The Irish and British governments have been accused of abandoning the Northern Ireland peace process by Fianna Fail leader Micheal Martin.
He has claimed that Irish PM Enda Kenny needs to recognise the ‘crisis’ in the peace process and take action before he risks consequences ‘worse than already feared’.
Martin made the remarks at Fianna Fail’s annual Wolfe Tone commemoration at the Bodenstown graveyard when the rebel leader is buried.
The Irish Independent reports that the Cork deputy told the commemoration that Kenny’s coalition government had failed to respond to a rise in sectarian rows, escalating tensions and a collapse of faith in institutions set up by the Good Friday Agreement.
He said “What has been missing is any serious engagement by either the Dublin or London government.
“They have been complacent and disinterested. Particularly damaging is how the entire issue of development through North/South co-operation has been ignored.”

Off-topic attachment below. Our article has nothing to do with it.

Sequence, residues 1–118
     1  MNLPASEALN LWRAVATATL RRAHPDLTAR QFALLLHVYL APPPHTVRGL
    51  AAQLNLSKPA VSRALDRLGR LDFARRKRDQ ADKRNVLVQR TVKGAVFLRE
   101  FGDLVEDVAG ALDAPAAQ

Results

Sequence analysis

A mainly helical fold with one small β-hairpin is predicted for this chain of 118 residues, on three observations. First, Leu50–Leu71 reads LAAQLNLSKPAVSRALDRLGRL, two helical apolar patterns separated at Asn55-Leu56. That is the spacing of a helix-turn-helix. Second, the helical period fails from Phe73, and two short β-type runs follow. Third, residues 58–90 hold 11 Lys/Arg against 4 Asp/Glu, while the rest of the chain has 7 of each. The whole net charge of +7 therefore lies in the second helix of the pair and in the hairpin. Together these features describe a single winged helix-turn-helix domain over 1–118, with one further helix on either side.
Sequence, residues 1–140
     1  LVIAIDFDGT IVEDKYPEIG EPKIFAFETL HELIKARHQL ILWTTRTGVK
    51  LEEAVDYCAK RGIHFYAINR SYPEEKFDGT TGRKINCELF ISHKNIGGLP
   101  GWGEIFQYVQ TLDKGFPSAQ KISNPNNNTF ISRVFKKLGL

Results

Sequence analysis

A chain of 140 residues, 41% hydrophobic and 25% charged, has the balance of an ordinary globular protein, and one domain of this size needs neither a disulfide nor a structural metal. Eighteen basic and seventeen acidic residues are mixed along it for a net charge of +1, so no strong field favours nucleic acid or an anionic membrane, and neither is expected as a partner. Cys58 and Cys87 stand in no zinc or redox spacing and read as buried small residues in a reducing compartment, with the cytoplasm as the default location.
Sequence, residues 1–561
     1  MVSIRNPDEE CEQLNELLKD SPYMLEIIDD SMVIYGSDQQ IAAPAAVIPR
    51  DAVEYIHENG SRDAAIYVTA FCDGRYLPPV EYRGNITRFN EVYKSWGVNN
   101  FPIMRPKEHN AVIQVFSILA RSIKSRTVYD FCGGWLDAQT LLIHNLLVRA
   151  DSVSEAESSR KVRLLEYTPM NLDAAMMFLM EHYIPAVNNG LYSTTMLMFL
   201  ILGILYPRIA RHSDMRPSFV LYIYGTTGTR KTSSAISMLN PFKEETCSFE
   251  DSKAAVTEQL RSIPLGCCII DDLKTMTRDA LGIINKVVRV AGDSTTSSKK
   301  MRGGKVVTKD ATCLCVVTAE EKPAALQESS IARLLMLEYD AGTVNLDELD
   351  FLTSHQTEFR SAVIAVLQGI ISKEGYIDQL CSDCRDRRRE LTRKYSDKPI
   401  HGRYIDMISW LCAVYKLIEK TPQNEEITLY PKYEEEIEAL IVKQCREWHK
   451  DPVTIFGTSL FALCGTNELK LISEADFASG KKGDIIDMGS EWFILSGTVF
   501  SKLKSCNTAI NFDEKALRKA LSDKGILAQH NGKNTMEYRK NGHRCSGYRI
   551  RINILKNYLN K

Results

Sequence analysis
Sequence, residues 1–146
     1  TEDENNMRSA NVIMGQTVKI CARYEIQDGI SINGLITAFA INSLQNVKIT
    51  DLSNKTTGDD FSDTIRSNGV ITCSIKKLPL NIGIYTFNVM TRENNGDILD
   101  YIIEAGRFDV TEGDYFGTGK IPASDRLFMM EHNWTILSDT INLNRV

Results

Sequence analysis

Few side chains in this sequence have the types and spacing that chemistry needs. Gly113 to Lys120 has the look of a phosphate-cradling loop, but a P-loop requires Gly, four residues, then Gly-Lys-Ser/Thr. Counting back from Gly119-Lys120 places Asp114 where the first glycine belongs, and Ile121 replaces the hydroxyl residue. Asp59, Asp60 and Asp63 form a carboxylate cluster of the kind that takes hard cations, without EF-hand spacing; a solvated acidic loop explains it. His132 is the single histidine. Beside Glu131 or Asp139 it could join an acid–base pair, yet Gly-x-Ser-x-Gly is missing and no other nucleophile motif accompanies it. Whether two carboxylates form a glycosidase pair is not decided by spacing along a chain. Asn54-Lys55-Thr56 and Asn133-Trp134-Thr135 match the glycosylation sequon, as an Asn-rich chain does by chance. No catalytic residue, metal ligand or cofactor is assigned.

The report adds that Martin criticised a recent development plan for Northern Ireland which ‘makes no mention of the Republic’.
He also criticised Fine Gael leader Kenny for not attending a major investment conference in Belfast.
Martin said: “Worst of all it is how vital North/South infrastructure projects such as the Narrow-Water Bridge are being abandoned because of a lack of commitment from the governments.
“The economic and social development of this island, and of the Border region in particular, demands strong North/South co-operation.”
Martin also argued that ‘historic progress for peace and reconciliation on the island’ could not have been possible without the priority which different Irish leaders gave to it.
He said: “Formal meetings and dinners aren’t enough – you have to spend the time developing links and building trust.
“The current Taoiseach (PM) needs to start giving it his attention or the consequences may be much greater than we already fear.”